I've never been able to figure out how to properly use context paths with tomcat. It's really frustrating because reading the docs it seems like it's something that should be very easy, and I know I am not that dumb!!
Now I would like to figure out how to get a similar result using context paths.
I've created appname.xml in $catalina_home/conf/Catalina/localhost/infocenter.xml and tried starting tomcat
<Context path="/blah/infocenter" docBase="/usr/local/tomcat/current/server/webapps/infocenter" debug="0" privileged="false">
I then unjar'ed the war file manually in $catalina_home/server/webapps/infocenter
This seemed to make everything work.
My question is... how can I get tomcat to auto-deploy stuff that lives in $catalina_home/server/webapps/ just like the normal webapps?
I think the big thing I was missing all along is the # based naming of the context.xml files. I had never realized those needed to include # signs for multi level naming conventions. I always thought that's what the context path specified.
Which I guess brings me to my next question... what is the Context path actually doing if it's not telling tomcat what the URI is? It seems like the naming of the xml (blah#infocenter) in this case is what tells tomcat what the URI is going to be.
OK, it's early and my vision is blurry, but I think this may help:
1. Tomcat will automatically scan the TOMCAT_HOME/webapps directory at startup (I use "TOMCAT_HOME" because I can never keep CATALINA_HOME and CATALINA_BASE straight and usually they're the same thing). Any exploded WAR directories are scanned for the presence of a META-INF/context.xml file. If one is found, it will be used to build a Tomcat webapp context - that is, to deploy the exploded WAR. If no such file is found, Tomcat will fake it and assign a context name that's the same as the war directory name.
2. Tomcat will also look for unexploded (a/k/a "real") WARs in the webapps directory. WAR files, in other words. IIF there is no exploded WAR with the same name as the WAR file (minus the ".war extension), then Tomcat will unzip (explode) the WAR file and do the Step 1 process to it. If you update the WAR file, tough. The exploded version takes precedence, even when it's older than the WAR file.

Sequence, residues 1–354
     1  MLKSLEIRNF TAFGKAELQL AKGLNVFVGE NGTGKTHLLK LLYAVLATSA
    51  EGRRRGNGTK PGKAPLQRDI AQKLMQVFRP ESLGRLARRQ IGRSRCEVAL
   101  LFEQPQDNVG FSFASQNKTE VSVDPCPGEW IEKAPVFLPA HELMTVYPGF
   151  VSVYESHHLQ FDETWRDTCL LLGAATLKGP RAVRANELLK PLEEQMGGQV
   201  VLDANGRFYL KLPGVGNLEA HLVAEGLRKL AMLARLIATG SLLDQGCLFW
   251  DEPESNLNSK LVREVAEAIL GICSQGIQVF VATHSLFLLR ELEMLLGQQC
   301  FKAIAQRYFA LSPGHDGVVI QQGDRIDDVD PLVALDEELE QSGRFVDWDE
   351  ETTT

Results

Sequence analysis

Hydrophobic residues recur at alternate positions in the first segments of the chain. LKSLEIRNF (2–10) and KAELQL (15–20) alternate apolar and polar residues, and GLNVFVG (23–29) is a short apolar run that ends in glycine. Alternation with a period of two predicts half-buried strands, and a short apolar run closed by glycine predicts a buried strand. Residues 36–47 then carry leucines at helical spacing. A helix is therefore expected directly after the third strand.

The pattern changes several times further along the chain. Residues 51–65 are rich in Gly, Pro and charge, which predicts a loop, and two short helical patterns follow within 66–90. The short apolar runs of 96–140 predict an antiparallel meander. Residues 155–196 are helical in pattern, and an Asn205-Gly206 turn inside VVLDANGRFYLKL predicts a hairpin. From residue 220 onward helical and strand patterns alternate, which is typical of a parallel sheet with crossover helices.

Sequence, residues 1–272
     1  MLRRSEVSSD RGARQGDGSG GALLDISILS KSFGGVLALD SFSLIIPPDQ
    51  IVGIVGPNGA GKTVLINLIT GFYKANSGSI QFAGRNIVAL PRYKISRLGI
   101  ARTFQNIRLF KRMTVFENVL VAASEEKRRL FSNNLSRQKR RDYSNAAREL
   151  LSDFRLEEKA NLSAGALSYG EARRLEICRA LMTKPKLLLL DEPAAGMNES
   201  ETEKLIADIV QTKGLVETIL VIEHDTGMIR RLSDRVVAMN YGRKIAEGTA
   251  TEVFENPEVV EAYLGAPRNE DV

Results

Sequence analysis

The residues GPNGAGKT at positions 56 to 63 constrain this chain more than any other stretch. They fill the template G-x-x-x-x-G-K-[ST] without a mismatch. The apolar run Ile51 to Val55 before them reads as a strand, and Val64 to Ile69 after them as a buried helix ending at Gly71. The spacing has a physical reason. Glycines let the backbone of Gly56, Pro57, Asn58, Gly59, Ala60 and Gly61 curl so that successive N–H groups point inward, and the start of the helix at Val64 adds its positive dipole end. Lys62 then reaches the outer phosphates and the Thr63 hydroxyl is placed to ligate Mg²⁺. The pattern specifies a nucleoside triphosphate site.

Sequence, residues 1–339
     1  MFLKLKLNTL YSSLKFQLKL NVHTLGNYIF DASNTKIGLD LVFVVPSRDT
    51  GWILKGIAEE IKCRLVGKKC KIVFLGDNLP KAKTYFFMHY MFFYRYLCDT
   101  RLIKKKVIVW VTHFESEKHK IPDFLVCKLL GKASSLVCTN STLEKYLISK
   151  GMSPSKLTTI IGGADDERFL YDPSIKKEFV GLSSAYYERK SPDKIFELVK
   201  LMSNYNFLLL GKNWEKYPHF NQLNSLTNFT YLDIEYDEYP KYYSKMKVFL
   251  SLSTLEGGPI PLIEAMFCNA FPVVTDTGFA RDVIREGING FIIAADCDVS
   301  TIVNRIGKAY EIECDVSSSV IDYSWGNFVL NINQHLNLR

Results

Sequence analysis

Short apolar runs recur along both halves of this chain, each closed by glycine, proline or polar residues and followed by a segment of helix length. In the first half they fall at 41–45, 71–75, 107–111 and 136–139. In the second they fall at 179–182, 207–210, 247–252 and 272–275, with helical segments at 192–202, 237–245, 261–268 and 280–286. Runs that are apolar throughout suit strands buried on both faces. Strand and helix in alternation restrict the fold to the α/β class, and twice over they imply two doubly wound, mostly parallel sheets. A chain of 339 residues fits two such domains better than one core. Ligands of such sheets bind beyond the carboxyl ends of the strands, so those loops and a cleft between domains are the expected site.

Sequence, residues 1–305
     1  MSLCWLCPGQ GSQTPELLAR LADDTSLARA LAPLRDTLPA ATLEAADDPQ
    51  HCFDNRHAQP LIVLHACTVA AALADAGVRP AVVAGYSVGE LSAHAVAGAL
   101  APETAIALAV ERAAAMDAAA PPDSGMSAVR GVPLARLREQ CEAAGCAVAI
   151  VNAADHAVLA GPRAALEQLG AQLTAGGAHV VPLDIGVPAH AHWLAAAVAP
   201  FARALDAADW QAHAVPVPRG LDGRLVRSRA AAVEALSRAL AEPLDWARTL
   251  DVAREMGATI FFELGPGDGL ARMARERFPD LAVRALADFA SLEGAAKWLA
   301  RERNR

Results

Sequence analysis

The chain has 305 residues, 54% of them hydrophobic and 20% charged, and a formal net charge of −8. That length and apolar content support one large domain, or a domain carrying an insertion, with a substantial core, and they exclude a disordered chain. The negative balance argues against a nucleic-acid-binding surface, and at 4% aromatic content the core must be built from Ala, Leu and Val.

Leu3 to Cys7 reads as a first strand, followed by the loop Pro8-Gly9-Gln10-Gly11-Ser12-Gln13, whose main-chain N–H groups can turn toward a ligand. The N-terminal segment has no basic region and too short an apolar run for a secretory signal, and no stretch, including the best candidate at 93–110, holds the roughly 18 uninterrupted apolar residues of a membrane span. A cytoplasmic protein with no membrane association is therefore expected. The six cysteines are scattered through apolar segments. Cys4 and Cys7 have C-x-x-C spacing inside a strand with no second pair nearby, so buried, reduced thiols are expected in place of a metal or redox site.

Note that Tomcat doesn't actually HAVE to ever explode WARs. That's just the default behavior.
3. Actually, more like "0". The TOMCAT_HOME/conf/Catalina/localhost directory will be scanned for XML files containing Tomcat Context definitions. These definitions take precedence over webapps in the TOMCAT_HOME/webapps directory. The Context will normally define the URL context name and the docBase for the webapp. The docBase can be either a WAR file or an exploded WAR. I don't actually recommend pointing the docBase to anywhere in Tomcat except for immediately under the TOMCAT_HOME/webapps directory. On a *n*x OS, I used to keep them in "/opt/com/mycompany", although these days, I might use the "/srv" directory as a basis instead.
An IDE is no substitute for an Intelligent Developer.
Joined: Mar 26, 2010
Thanks for the responses!
This clarifies things a bit in terms of how the context stuff works. I finally got the context path's working so that's grand.. although the application is misbehaving.. such as life.
Offtopic (sort of) question, but kind of related..
If I compile an apache httpd module on a development server, can I simply move the compiled modules (so files) to my production server, without the need to install any of the supporting libraries etc.. that I needed when I compiled it?
Libraries come in 2 flavors: development libraries and runtime libraries. Well, I could probably come up with more flavors, but for this discussion they'll do. Besides, the paradigm of the Age is black-and-white Absolutes.
The development libraries aren't needed on the production machine. The runtime libraries are. So you'll need compatible versions of those libraries on the production machine and they'll have to be in the httpd server's load library path. At that point, things get a little complicated and very OS-specific, so I'd have to refer you to an OS-specific forum such as the Linux/Unix forum.